Just As I Thought

A fitting memorial?

As I look in more detail at the finalists for a World Trade Center Memorial, I keep finding reasons not to like them.
The first, and perhaps most instinctual, is that all the designs are light and uplifting — it’s like they were designed by the architects of malls. I feel as if they don’t adequately portray what happened there. Instead, they create a stylish park, none of which imparts a feeling of timelessness, as if it will be torn down and replaced later.
There were some dictates in this competition, not the least daunting of which was to preserve the footprints of the towers. I can certainly understand the emotional reaction of the families and friends of those killed, they wanted to keep that ground hallowed. Fair enough. But then on top of that, the designs must list all those killed; it must preserve and display the slurry wall that formed part of the WTC foundation, etc. This has resulted in memorials that are far too complex. The beauty of Maya Lin’s Vietnam Veterans Memorial — which has become the new standard on which other memorials are designed and judged — is powerful in it’s simplicity. The Oklahoma City National Memorial really toes right up to the line separating effective memorial and bizarre tourist attraction. And I’m afraid that what they’re building here in Arlington beside the Pentagon has crossed that line.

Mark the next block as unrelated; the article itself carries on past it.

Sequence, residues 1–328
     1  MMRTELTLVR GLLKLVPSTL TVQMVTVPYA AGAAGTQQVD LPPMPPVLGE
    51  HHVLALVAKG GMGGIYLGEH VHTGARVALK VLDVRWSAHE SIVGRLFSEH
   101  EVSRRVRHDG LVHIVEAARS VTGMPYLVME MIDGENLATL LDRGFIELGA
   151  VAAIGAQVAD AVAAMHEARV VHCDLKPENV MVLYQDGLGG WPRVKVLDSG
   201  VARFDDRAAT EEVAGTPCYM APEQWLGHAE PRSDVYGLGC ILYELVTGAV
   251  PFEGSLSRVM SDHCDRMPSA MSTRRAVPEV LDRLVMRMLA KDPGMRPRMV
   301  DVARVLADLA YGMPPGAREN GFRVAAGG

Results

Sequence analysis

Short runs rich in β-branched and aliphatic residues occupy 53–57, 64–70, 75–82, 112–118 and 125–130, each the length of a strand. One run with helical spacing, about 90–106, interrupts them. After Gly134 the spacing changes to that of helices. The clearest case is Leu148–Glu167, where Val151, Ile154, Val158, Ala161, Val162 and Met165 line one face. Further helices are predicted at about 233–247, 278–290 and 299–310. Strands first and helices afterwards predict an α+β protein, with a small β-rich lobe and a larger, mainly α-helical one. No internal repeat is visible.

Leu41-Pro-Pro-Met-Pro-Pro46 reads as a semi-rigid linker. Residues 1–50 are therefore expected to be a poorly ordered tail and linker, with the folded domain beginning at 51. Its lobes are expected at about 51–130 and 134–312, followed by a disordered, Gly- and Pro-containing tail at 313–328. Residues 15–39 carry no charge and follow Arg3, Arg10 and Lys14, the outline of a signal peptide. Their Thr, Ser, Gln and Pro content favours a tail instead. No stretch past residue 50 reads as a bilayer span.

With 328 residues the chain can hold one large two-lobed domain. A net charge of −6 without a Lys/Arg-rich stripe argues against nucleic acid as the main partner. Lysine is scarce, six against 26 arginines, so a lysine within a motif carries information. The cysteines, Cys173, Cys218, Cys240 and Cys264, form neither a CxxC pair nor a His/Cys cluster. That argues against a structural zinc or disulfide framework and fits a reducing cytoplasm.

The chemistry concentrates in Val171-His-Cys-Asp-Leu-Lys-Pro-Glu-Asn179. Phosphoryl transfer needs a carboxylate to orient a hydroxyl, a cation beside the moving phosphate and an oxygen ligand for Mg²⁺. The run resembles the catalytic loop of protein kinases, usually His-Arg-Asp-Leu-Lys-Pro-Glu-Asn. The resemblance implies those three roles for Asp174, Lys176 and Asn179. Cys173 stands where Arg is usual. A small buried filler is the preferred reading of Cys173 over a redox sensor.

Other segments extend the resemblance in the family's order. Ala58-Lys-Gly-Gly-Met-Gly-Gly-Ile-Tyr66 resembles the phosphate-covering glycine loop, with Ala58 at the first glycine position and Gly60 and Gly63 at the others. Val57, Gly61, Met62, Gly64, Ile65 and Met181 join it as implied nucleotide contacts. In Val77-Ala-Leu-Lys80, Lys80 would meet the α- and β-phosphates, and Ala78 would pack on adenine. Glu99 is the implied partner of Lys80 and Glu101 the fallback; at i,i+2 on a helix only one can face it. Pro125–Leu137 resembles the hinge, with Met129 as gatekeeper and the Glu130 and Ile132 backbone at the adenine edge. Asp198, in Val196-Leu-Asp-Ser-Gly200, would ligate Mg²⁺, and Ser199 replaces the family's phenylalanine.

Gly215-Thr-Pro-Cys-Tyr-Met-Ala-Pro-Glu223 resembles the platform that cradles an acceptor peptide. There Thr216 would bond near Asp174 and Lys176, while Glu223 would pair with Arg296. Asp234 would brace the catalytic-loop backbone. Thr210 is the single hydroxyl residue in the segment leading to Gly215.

I just believe that the downfall of these memorials is that since the Vietnam Wall, they’ve all been designed to be a massive collection of individual memorials — listing the names of each victim in such a huge catastrophe is unwieldy, but can be done. But when you do more: give each victim a chair, a bench, a votive, a projected image — it becomes more about the memorial than the victims. The presentation of the names detracts from the names themselves. And since the death toll is still fluctuating, and there are doubtless some people that may have died there who were not accounted for, how can they use a specific number in all of these designs? What happens if the memorial is built, and they discover that someone is listed who was not killed? Or worse yet, someone fraudulently claimed as dead is listed?
One reaction I had to the WTC designs was fear — when I viewed the animations, I got a scared feeling in the pit of my stomach because most of them have underground chambers with votives, lights, etc. All I could think of was the slab above me pancaking down and crushing me. I don’t know, perhaps that was the empathic feeling the designers wanted me to have.
I just think that what needs to be done is simple. Put back some of the twisted steel that was carted away for use in a future memorial. Plant grass in the footprints of the towers, and build a low wall around them, with the names engraved. Simple, to the point, and will last for centuries.

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